Tim Ingham, writing at Rolling Stone, makes the argument that the LP as we know it, is in trouble:
Sure, hits on streaming services make a lot of people a lot of money. But as the death knell rings for the album — and the music industry returns to the pre-Beatles era of track-led consumption — are fans being encouraged to develop a less-committed relationship with new artists? […]
The music industry is facing a bit of an existential crisis, then: How can something (streaming) be considered the “equivalent” of something else (an album sale) when, by your own measure, the former now completely dominates the latter?
In 2018, “streaming-equivalent albums” seems like daft phrasing. It is e-mail-equivalent faxes. It is car-equivalent steeds. It is Netflix-equivalent Betamax.
“High Hopes” spends a second week at No. 1 on the streaming-, airplay- and sales-driven Hot Rock Songs chart, where it’s Panic’s first leader. The track becomes the band’s first top five hit on Adult Pop Songs (6-5) and second top 10 on Pop Songs (12-9), after “I Write Sins Not Tragedies,” which reached No. 2 in 2006
Police say that the band members then started searching their trailer and found the cardboard box with the money wrapped up in the suspect’s sweater with other merchandise boxes.
The suspect again denied involvement but then allegedly finally admitted to taking the money once he realized that the band was firing him and that he wouldn’t be allowed back on the tour bus.
He also told police that he was tired of the band members leaving money all over the bus and wanted to prove a point but was going to return the money later.
One year ago, Taylor Swift’s somewhat infamous LP Reputation hit the shelves and digital libraries of 700,000 listeners. It would go on to sell 1.26 million copies in that first week, making it a member of an elite club of albums to have broken a million copies (at all, let alone that first week) in the last decade… a club that is mostly comprised of Swift’s other records. It was an auspicious achievement in the pop star’s increasingly controversial career – every album she’s released since 2008’s Fearless has broken a million records sold in its first week.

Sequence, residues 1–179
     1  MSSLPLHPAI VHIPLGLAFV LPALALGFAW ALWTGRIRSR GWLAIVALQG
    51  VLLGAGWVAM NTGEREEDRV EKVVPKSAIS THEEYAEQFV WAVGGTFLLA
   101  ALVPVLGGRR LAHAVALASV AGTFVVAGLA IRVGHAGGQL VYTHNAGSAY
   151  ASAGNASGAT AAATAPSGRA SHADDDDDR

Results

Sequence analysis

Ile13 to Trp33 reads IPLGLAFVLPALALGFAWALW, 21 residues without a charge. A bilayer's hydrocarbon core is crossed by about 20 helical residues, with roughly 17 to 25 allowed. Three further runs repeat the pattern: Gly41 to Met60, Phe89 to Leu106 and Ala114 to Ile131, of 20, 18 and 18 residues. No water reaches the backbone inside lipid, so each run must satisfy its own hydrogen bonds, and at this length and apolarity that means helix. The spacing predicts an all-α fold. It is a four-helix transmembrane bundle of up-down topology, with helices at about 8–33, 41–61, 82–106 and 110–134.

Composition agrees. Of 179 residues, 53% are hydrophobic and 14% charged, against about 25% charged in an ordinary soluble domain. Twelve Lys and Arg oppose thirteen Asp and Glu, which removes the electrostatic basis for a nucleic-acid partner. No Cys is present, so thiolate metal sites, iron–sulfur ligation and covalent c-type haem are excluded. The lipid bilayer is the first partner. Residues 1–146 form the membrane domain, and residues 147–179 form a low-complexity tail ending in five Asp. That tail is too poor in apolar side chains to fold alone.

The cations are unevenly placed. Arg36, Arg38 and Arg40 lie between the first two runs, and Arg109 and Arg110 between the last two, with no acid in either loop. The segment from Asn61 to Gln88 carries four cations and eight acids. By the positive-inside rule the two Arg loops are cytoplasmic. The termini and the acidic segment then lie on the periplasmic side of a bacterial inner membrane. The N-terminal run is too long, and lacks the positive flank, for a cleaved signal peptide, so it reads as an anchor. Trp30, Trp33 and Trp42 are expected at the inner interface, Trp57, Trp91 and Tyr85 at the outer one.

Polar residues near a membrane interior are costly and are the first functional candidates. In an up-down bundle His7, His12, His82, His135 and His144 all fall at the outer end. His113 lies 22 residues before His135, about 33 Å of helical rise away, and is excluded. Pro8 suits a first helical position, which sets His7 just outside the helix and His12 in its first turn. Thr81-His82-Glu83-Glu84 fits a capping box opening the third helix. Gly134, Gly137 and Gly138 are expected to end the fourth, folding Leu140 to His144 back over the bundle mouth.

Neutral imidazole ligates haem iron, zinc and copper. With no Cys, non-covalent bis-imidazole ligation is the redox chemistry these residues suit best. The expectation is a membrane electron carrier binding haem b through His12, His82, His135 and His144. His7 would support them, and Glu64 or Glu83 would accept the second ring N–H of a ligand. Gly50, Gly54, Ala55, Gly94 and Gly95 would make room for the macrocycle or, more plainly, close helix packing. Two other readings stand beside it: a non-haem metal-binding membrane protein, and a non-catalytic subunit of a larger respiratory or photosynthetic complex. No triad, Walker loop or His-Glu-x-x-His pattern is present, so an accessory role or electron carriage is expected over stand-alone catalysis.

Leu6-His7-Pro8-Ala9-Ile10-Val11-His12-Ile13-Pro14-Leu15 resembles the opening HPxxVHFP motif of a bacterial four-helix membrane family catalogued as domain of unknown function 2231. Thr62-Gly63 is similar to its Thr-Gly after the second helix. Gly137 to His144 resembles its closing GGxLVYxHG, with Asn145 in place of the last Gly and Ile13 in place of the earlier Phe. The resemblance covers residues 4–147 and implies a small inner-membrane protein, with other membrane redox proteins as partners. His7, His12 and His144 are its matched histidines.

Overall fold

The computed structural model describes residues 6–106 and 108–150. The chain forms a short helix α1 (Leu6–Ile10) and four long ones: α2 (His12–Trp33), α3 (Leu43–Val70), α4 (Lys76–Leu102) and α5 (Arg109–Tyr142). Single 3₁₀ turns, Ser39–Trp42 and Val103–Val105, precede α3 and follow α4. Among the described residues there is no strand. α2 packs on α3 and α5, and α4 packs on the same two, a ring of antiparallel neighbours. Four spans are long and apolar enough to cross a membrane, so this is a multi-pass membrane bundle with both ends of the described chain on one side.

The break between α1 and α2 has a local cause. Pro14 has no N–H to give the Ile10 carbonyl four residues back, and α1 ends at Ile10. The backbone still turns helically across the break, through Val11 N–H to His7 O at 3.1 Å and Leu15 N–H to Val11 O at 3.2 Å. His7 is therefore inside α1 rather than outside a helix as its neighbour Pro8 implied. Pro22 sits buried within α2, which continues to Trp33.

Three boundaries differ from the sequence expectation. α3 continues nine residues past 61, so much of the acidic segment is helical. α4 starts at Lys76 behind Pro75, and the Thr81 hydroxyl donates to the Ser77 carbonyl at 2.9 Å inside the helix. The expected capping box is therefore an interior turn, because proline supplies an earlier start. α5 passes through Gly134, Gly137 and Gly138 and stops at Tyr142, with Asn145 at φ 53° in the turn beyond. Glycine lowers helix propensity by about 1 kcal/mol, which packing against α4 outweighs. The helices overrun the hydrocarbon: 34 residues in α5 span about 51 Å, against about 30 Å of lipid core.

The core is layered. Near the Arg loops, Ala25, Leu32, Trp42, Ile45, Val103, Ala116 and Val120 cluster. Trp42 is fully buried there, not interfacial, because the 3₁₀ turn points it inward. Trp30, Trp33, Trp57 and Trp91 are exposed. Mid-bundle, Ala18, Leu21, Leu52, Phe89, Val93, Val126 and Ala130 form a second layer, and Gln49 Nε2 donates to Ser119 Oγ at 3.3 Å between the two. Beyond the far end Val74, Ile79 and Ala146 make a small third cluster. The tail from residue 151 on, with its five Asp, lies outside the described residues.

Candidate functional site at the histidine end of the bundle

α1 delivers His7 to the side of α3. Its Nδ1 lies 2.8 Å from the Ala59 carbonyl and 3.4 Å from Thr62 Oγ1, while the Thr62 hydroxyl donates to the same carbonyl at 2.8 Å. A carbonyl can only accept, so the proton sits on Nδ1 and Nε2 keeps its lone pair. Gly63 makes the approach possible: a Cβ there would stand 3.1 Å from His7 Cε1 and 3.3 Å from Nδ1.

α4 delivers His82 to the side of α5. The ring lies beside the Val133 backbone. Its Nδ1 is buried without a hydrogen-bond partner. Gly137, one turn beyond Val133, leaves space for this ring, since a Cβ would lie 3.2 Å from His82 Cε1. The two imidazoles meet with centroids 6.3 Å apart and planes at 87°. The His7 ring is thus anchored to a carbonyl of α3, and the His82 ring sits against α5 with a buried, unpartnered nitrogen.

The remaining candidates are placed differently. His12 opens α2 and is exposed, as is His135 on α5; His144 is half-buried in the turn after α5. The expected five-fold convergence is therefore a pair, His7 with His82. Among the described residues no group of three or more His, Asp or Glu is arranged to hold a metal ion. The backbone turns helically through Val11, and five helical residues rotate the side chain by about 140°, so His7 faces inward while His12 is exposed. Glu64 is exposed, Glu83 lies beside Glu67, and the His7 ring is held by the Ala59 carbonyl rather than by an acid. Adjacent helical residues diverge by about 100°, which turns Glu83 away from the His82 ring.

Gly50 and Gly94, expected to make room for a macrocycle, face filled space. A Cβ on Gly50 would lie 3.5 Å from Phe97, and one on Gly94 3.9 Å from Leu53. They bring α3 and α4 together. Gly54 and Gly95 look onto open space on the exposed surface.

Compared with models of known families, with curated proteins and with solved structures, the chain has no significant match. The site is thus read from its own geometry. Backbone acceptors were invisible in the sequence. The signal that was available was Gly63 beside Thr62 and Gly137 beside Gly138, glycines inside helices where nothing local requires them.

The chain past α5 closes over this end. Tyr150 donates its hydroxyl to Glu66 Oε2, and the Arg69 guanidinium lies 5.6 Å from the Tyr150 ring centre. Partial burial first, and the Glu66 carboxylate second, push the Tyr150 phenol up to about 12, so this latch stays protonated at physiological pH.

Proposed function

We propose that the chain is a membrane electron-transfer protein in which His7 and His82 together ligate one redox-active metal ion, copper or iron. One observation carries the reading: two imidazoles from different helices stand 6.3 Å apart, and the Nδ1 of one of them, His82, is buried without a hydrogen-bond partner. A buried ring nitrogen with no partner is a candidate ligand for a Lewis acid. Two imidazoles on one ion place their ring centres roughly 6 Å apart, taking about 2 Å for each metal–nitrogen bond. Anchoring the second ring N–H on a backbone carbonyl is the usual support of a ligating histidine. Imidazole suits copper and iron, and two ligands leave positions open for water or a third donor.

Swift has become a polarizing figure in the pop culture sphere. Between the ongoing Kimye saga, 100% valid conversation and critiques about the downfalls of white feminism, her own personal #MeToo moment and the usual, misogyny-fueled obsession with her love life that’s been prominent since that first record broke a million all those years ago. (She has arguably used that obsession to her advantage in the years since, but… wouldn’t you?) The stage was certainly set for Reputation to be as polarizing as the woman herself – it was the first Swift record that broke her every-other-year-pattern ever, and followed a nearly year-long (and highly advisable) social media hiatus/blackout on Swift’s part. It’s safe to say, nobody knew what to expect; uncommonly for an artist whose unflinchingly loyal following was built on the closeness she shares with her fanbase, “nobody” included the vast majority of her fans.
When looking for adjectives to describe Coheed and Cambria and their latest effort, The Unheavenly Creatures, I kept going back to the same word: epic. Coheed have never been strangers to expanding their repertoire of complex space odysseys and intermingled stories of fictional characters, but on this LP they have genuinely created something quite remarkable.
This album grabs your interest directly from the first notes of “Prologue” that sets that stage for all that will come next in this saga. From the shiny and brilliant packaging of the entire album and its artwork, it’s hard not to get directly sucked into the vortex of Coheed’s world on this fantastic record.
The surprise set, which was announced Oct. 31 and released Nov. 2 via Boominati/Republic Records, earned 99,000 equivalent album units in the week ending Nov. 8, according to Nielsen Music. Of that sum, 5,000 were in album sales, as the album was largely driven by streaming activity.
Sam Moore, writing at NME:
Firefighters continue to tackle the blaze across the state, with people now stepping in to aid and assist the fire personnel as they work long hours – with Grohl playing his part by cooking BBQ for firefighters in Calabasas, Los Angeles County. Fire Station 88 were one of the recipients of the free BBQ last night (November 12), which was provided by Grohl’s recently launched Backbeat BBQ.